The first term that I used for this huge category was “Art”, but that felt like a disservice to other roles all of which are equally artistic. The visual aesthetic of a game has a huge impact on the overall experience and feel. What I find particularly interesting about the visuals of a game is how broad the roles involved can be at different scales. AAA titles demonstrate the value of a team of dedicated artists (for characters, environments, props, vehicles and so on) across several production stages (from concept to modelling, texturing, rigging, animating etc) creating hyper realism or eye-popping fictional worlds. It’s well worth taking time to look at all of the pixels on screen to see how far the attention to detail goes. From blades of grass blowing in the wind to NPCs fighting in the background, how a running character transitions into a walk, turn or stop. Often the most impressive achievements are the ones you wouldn’t notice because they look so normal, life-like and fluid. Make a point of noticing every rock and clump of moss, someone was tasked with creating that so it’s nice to appreciate such fine details.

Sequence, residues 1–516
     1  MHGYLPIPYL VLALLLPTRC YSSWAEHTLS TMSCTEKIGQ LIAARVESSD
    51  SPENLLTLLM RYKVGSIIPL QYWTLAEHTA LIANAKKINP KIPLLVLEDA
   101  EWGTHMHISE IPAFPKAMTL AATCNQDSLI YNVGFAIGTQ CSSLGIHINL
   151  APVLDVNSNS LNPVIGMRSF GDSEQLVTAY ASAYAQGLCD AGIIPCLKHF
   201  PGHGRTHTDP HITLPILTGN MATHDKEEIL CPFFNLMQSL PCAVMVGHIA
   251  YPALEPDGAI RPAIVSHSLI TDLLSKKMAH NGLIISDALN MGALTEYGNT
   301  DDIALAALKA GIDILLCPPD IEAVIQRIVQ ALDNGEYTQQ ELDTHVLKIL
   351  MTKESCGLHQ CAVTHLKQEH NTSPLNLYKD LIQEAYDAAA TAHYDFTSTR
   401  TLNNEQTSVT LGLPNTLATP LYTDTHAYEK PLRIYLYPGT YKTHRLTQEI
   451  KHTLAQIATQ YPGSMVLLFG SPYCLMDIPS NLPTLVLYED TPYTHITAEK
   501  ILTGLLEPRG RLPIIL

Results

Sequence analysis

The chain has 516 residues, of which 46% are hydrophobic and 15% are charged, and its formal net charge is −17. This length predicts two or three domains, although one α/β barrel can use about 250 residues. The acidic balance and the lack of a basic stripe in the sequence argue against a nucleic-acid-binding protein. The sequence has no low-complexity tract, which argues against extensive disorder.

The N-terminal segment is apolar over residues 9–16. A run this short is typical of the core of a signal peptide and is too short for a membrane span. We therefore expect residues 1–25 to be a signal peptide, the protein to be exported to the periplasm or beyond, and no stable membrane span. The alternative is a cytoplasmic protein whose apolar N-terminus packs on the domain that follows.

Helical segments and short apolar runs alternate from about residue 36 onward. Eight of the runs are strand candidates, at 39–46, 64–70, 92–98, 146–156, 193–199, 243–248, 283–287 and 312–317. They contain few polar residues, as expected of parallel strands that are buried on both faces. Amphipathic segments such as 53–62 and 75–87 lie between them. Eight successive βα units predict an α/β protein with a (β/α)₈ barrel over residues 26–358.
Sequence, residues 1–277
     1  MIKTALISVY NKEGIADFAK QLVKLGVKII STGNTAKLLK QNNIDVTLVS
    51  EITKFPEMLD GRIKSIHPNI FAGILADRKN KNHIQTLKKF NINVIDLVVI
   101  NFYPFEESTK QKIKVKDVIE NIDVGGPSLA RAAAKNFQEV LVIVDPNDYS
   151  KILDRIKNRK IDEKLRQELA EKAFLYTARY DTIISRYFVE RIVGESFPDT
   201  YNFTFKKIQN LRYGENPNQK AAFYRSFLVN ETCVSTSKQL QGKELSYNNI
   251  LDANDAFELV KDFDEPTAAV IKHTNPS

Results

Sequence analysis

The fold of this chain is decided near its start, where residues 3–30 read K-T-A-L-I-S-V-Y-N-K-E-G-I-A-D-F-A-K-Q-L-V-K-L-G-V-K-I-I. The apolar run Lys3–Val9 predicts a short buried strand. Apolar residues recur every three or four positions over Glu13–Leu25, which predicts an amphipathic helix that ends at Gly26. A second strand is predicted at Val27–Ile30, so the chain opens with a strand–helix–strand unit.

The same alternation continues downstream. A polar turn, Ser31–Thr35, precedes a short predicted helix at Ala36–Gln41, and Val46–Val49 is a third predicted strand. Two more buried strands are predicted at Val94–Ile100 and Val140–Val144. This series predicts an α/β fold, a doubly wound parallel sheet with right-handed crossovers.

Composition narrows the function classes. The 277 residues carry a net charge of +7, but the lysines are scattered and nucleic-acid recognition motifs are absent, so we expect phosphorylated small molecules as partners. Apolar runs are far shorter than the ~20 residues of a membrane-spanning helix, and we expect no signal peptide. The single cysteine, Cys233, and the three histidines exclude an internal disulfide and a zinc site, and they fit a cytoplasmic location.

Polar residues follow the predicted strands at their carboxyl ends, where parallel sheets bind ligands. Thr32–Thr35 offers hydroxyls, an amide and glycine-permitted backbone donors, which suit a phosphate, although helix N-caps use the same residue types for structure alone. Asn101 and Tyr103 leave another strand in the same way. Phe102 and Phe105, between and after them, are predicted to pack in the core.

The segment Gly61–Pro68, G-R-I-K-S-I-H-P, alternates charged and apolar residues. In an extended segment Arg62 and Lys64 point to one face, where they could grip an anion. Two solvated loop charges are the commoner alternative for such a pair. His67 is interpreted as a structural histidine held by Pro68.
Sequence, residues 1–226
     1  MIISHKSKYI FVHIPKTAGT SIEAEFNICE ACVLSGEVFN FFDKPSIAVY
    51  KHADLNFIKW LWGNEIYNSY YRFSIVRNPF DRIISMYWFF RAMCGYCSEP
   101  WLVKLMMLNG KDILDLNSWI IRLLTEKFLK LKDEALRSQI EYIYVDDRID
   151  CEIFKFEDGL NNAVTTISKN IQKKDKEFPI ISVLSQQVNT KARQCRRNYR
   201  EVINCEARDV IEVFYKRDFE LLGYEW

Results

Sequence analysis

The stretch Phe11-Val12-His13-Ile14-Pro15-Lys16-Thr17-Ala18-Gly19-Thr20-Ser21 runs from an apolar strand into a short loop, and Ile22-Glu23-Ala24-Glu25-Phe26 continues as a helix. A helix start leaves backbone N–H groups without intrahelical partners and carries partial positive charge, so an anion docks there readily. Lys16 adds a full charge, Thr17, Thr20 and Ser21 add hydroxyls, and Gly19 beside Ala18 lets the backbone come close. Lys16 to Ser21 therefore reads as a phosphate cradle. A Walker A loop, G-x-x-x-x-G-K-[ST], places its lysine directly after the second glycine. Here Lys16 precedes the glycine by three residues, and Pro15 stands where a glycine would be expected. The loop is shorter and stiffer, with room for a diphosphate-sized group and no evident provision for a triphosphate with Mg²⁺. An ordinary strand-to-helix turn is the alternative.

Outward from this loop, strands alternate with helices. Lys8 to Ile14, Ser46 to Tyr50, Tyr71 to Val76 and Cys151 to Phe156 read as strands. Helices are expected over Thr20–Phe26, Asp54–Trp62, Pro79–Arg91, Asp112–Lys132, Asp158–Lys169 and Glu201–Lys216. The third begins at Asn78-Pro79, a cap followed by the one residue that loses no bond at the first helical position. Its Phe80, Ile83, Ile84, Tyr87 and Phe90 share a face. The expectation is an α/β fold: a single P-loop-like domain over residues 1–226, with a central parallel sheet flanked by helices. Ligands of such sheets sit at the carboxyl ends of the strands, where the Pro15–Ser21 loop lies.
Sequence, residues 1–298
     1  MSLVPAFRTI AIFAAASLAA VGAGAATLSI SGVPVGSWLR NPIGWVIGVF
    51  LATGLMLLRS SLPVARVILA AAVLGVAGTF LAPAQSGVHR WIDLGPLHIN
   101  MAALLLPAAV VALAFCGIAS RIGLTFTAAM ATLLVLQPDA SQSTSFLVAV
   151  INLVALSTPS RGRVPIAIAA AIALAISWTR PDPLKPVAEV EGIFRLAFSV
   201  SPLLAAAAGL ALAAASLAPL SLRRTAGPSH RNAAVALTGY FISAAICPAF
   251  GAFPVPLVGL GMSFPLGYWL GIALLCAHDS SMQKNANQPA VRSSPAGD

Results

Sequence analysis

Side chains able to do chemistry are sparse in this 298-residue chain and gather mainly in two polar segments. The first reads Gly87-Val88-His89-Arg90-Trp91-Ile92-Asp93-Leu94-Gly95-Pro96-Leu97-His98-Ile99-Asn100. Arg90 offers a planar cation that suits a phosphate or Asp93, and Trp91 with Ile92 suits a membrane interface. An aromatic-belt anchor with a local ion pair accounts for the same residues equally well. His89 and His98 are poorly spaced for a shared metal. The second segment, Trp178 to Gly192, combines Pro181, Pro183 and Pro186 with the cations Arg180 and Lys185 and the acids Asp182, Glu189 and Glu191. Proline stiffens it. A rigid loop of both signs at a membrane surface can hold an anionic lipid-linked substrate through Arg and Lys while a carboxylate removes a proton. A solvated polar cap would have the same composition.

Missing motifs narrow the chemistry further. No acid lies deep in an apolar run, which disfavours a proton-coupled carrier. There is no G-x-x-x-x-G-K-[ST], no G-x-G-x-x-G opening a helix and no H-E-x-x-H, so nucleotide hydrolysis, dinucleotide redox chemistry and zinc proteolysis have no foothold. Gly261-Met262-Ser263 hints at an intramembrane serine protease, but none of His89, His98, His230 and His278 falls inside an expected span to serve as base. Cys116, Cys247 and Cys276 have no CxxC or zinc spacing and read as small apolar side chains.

Equally impressive are the feats achieved by much smaller teams, even individual developers who not only have to produce all of their own art but do everything else in their game too. When the pursuit of ultra high fidelity might not be possible on the same scale, often the strategic choice to simplify aesthetic can become the defining feature. Be that by being monochromatic, 2D, utilising a basic animation style or some other intentional deviation from the quest of realism.
Another area of a game’s look that is often under appreciated is the non-game world visuals such as the UI, help system and menus. This is particularly interesting coming from the world of web/mobile development and especially in regards to UX. The challenge in games is finding the balance between creating an intuitive experience whilst not detracting from the core experience or breaking immersion. Too realistic could leave menus hard to distinguish and unusable but too much contrast and you’re reminding the player this is a game and jarring the experience. Of similar note is there is an increasing concern over accessibility in games which is great to see.